corrected version of Writing and SLAM response

Recently, April 25, I responded (Re writing and SLAM) to a post that asked about the efficacy of error correction. I made a hash out of my response and would like to try again. I will spare the list and simply place it on my blog here.
Part of the problem was that I did not read the posts that followed Robert’s question about the efficacy of heavy error correction, literally returned papers covered with red marks. I responded strictly to the idea of such error correction as having any effectiveness. He was asking about how to approach another teacher on that issue and I didn’t address that but rather the idea that someone is still using that sort of thing as “feedback”.
(I have not yet read the other posts b/c I want to straighten out what I wrote)
Another mistake: I threw out something that had struck me, the parallel between Blaine saying we teach sentences and the fact that Chomsky’s revolution shifted the linguist’s attention from the morpheme level to the sentence level. Originally, it was just word association, but when Brian pointed it out to me, I realized I might have hit upon something with a deeper resonance than had occurred to me. So I will say this about that:
The idea is that there may be a parallel between Chomsky revolutionizing linguistics by starting at the sentence level and Blaine (saying) using similar language with “we teach sentences”. The parallel may lie in the way structural linguistics focused on parts i.e. morphemes, and when this was applied to teaching, it followed that we teach the parts, the morphemes e.g. 2nd person plural, irregular dual, continuous despicable and aoristic deplorables. But by starting at the sentence level with input, we lay down patterns more consonant with the way the brain aka LAD actually acquires language.
Now that is not geared toward classroom teaching but I thought I’d at least explain myself.
As to the role Chomskyan theory plays in Krashen’s hypotheses, I do find references to Chomsky in The Input Hypothesis and Explorations in Language Acquisition and Use, although no clear-cut declaration that Chomskyan linguistics is the basis of Krashen’s hypotheses – although I think I did read that somewhere. I’ll have to keep looking. And the LAD as part of CI comes from Chomsky’s postulation of a LAD. The LAD is a black box, a conceit that allows us to chug along with our theory without being explicit. We observe something going into the black box and we observe something coming out; we just don’t know what goes on inside. Inside is where acquisition takes place, in my understanding. How and why we do not know. Krashen’s observation is that CI goes in and language competence emerges from the other side. I would ask the champions of error correction to offer their explanation of how the feedback turns into acquisition. In the past, their explanation has been based on behaviorism, i.e. habit formation.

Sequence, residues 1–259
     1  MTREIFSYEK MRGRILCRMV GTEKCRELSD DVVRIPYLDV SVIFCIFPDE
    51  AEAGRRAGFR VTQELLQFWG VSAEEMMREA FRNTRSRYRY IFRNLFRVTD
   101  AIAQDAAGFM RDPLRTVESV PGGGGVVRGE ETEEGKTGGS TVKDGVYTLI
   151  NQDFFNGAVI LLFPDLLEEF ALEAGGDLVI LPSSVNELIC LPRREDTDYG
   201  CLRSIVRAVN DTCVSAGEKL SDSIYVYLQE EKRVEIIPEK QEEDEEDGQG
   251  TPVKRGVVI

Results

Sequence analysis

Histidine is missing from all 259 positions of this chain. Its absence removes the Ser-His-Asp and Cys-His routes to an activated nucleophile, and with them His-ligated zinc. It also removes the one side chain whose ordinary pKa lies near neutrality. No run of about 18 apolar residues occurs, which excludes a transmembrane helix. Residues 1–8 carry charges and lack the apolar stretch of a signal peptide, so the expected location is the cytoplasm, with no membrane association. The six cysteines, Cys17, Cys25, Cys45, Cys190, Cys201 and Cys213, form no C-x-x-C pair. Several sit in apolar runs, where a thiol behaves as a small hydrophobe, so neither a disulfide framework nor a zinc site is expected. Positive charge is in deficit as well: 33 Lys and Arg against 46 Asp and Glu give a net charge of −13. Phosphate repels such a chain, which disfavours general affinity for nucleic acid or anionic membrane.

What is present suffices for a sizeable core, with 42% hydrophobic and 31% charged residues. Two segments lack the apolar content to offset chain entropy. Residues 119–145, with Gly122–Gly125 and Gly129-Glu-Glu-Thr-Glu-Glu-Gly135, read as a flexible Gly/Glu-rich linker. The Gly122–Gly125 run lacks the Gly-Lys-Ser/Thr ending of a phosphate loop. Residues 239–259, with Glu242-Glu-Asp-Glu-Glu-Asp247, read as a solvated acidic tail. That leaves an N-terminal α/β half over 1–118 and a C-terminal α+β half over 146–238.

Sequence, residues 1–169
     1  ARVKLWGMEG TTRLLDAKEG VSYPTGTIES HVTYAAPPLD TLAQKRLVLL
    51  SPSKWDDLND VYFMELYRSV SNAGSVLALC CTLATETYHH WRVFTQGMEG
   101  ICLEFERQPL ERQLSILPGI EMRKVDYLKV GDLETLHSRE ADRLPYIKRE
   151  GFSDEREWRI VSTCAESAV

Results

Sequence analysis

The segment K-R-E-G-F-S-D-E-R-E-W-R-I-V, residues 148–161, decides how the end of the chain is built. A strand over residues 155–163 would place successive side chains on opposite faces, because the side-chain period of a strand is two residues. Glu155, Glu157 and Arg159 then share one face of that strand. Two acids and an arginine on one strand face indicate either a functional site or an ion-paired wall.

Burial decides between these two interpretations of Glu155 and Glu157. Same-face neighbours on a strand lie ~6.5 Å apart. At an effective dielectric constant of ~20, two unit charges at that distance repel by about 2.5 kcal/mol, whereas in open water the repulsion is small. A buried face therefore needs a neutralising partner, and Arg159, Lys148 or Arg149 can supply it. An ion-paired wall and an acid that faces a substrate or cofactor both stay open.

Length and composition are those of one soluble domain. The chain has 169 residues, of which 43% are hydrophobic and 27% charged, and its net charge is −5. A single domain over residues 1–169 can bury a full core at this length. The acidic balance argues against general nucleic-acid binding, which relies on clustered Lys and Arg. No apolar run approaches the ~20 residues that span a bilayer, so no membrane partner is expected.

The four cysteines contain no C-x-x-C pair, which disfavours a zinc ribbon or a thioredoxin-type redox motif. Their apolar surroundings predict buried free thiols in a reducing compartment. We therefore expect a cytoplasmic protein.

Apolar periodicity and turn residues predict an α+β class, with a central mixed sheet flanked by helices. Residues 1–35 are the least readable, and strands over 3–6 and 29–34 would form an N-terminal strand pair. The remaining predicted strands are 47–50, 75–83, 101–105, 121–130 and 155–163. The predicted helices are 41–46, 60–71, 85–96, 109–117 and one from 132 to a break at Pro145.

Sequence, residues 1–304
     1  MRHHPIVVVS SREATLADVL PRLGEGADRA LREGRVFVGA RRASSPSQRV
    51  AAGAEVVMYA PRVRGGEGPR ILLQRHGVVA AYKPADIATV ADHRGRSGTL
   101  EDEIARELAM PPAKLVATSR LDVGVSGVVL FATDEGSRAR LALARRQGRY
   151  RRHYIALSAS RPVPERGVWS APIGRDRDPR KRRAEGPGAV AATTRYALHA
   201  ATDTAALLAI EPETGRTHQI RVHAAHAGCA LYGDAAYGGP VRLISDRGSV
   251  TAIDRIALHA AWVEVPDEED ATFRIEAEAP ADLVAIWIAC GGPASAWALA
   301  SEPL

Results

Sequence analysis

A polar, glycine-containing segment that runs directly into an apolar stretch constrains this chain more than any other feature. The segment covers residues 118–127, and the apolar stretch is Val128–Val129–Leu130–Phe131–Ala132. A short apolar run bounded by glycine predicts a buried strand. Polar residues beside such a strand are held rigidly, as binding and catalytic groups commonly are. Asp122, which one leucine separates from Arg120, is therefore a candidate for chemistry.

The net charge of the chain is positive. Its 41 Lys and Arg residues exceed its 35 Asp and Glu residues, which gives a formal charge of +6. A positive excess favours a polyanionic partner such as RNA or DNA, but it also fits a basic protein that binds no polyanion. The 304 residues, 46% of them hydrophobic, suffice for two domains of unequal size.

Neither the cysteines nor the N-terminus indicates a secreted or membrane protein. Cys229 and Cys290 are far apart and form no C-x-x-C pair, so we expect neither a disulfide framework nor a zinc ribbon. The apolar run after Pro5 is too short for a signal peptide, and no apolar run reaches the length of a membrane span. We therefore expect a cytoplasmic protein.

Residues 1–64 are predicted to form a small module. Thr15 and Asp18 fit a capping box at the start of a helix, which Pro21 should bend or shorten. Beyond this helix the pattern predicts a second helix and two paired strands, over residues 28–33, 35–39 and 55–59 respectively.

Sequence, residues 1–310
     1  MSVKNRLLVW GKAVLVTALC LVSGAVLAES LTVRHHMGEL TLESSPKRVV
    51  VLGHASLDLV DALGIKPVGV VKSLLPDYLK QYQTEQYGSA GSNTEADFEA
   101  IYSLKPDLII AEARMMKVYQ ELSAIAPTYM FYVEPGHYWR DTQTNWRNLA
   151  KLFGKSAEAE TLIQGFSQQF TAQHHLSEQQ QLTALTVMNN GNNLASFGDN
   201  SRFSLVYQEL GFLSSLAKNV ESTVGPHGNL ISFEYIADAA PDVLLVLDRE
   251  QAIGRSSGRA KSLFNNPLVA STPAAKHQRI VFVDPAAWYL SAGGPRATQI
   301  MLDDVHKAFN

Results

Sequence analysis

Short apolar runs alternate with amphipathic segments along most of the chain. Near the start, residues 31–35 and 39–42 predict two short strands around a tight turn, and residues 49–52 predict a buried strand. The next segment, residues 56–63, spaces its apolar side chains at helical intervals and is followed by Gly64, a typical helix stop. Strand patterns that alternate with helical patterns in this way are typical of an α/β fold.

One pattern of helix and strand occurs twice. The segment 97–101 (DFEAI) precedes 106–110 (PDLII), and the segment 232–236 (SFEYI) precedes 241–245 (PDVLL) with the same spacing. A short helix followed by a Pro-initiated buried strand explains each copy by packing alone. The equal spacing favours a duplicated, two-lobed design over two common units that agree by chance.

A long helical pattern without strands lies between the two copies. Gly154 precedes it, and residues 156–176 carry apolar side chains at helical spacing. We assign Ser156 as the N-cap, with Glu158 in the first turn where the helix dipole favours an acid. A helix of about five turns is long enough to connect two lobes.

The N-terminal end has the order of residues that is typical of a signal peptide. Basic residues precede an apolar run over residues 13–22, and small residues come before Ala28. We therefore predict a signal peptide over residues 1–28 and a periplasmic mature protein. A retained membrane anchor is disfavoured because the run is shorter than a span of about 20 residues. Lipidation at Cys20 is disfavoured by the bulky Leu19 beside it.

The LAD is preset to parameters for L1 and…… crucial to SLA, L2. Those parameters get set by the learner “hearing” i.e. receiving input. The LAD takes the input and determines from it what the parameters are. Once the parameters are set e.g. verb final SOV or head first structures, then the slots are filled from further input. (This is a good example of how difficult it is to keep these posts short and why I am putting it on my blog instead of sending it to the list. I could expand on this but right now am hoping readers know that languages have parameters of what is allowed and what is not.)
It is a real leap of faith to think that the LAD still works in a 28 year old hearing Hausa and that he will acquire Hausa in the natural environment. Certainly if Hausa is his first language we would accept that, but can it happen in someone other than an infant? YES. This is what is so frustrating to me: we know that anyone can acquire another language given comprehensible input b/c it happens all the time, yet the legacy forces keep telling us we need explicit grammatical instruction. Have these people never encountered anyone who went to another country and learned the language without instruction? Very strange.
In my initial post on the 25th (Re writing and SLAM), I mentioned my recent (1994) experience of such feedback and tried to show how it was ineffective. My teachers in Russia were devoted to red ink (Communist holdovers?)The input I got just being in Russia was what boosted my Russian, not the classroom study. Then I launched into an example from Urdu that didn’t turn out too well. I was trying to show that rule getting and rule using do not work, that hearing/reading a grammatical feature in context where it is acquired results in the feature becoming part of the language of the learner. Unfortunately, my example was more confusing than useful. The point was, if you always hear a reference with a plural verb you are always going to use a plural verb with it b/c that’s all you know. The rule-based approach makes you jump through analytical hoops and “figure out” what you should say (what I dub ratiocination).
So, following Lance………….. error correction feedback doesn’t work.

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